Way back before the interwebz, if some awestruck reader wanted to let her favourite author know how much their story moved her, she had to sit down and write a letter, by hand, because at that time she didn’t own a typewriter. Rewrite it a couple of times, because she made some mistakes or typos, and it just wasn’t couth to use dollops of liquid paper (tip-ex) on expensive handcrafted notepaper. Depending on where she lived, it might take several weeks for the letter to arrive at the author’s pick-up point – usually their publisher or agent, then she would wait for any number of months for a reply, if one came at all.

Plenty of time for reflection.

I’m not knocking the immediateness, per se, of social media. It has changed so many lives for the better, but it also enables that part of us ‘oomins that are are reactive, rather than responsive.

I’m not sure what the solution is, if there even is one, but perhaps we can look on this social media age as being an exasperating, sometimes annoying, self-absorbed, occasionally inspiring, brilliant teenager.

Reply

Jami Gold May 7, 2013 at 1:37 pm

Hi Widdershins (and Maryanne),

The article actually points out that a similar reaction happened when Sir Arthur Conan Doyle tried killing off Sherlock Holmes–long before the internet or social media. The anonymity of mobs is the same in person or online. (Online might make it easier to be anonymous, but “mob mentality” started strictly as a real-life phenomenon.)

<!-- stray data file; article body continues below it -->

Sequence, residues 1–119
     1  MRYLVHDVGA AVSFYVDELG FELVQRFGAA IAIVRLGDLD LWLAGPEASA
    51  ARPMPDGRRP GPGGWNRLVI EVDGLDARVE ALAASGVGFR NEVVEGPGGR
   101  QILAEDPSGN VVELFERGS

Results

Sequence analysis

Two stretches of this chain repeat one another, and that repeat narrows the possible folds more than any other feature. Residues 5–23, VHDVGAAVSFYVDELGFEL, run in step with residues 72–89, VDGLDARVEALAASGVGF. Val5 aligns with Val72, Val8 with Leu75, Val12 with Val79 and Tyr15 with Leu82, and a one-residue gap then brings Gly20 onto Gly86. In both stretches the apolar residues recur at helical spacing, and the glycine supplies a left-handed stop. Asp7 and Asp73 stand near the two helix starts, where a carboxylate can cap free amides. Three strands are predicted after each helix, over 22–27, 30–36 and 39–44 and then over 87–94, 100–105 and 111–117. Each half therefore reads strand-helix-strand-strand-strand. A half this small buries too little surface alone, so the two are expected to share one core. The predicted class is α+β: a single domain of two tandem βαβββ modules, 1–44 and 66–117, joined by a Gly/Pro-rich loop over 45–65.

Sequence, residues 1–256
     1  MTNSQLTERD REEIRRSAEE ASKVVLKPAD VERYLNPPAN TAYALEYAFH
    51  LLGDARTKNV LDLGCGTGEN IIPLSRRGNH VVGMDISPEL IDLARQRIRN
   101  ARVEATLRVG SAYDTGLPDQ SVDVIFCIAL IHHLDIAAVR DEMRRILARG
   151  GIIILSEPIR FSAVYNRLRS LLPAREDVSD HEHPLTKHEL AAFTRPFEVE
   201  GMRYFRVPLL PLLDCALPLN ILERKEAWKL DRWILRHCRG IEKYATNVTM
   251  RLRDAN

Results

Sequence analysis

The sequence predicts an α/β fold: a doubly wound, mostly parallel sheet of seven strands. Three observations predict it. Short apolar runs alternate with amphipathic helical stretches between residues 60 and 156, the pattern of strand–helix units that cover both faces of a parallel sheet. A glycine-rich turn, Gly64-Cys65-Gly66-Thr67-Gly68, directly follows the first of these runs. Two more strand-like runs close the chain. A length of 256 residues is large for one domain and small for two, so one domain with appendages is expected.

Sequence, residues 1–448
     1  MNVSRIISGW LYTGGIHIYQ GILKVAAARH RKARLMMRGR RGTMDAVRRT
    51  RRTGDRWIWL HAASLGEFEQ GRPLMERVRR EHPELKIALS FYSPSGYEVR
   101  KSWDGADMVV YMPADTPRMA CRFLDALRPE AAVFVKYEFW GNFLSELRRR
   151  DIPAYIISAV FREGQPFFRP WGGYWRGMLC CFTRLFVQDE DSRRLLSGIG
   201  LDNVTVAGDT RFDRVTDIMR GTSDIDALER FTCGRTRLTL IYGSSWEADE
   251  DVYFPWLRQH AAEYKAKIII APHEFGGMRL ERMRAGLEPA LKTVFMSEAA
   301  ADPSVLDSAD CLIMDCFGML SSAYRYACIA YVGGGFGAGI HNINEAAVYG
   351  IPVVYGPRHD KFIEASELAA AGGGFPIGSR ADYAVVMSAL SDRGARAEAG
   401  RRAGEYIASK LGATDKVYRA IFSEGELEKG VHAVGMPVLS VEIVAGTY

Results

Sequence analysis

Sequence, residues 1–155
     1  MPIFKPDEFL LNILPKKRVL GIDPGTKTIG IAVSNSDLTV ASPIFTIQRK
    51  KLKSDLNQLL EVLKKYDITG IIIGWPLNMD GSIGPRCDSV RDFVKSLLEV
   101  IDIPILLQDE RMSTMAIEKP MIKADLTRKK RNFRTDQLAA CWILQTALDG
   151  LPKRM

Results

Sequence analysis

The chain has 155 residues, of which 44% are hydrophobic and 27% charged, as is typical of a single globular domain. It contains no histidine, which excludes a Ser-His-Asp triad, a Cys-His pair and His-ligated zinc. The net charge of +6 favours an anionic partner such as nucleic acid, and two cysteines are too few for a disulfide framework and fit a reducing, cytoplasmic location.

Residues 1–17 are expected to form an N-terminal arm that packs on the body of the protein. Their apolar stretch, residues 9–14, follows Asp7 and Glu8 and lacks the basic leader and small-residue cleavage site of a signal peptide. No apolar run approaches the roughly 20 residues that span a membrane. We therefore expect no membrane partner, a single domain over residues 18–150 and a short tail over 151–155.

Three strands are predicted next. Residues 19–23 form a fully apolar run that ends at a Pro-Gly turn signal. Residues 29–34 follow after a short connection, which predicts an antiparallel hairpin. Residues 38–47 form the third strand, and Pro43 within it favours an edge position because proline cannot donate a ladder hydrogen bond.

I’d say that partly this goes along with the medium. The written word allows us to infect others’ thoughts with our words in a more subtle way than public speech (TV, movies, etc.). The characters in well-written books can feel like they take up residence in our heads. That’s the same impetus behind many fan fiction works–people take the version of the characters that’s in their heads and breath new ideas into them.

The side effect of that is that some readers feel like they own the characters and the stories. “They were in my head, therefore they belong to me.” And thus we get fanfic authors thinking they can publish their stories with characters they stole from the original author, and we have these intense feelings of betrayal from readers. Like if someone threatened to kill one of our friends.

On some level, I can understand them being upset, but the extreme reactions have been out of hand. I agree that offline interactions provide more opportunities for reflection, but that alone wouldn’t prevent this reaction. I don’t know what would, to be honest. Thanks for the comment!

Reply

Taurean Watkins May 7, 2013 at 8:42 am

Jami, if it helps at all, I don’t think you’re alone in not wanting to cross certain lines in notoriety.

That said you’re probably in a better position because your audience are primarily adult readers, with teens here and there, and fellow adults tend to get why they prefer not to be public about certain but for those of us who write for children and teens under 16, like myself, you have to work through this fear. Kids or teens can’t trust in authors who can’t open themselves a little to their own fears and opinions.